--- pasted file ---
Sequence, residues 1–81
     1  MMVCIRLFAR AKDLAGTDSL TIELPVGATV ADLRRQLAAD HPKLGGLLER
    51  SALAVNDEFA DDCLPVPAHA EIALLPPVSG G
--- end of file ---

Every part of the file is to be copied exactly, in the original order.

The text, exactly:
Sequence, residues 1–81
     1  MMVCIRLFAR AKDLAGTDSL TIELPVGATV ADLRRQLAAD HPKLGGLLER
    51  SALAVNDEFA DDCLPVPAHA EIALLPPVSG G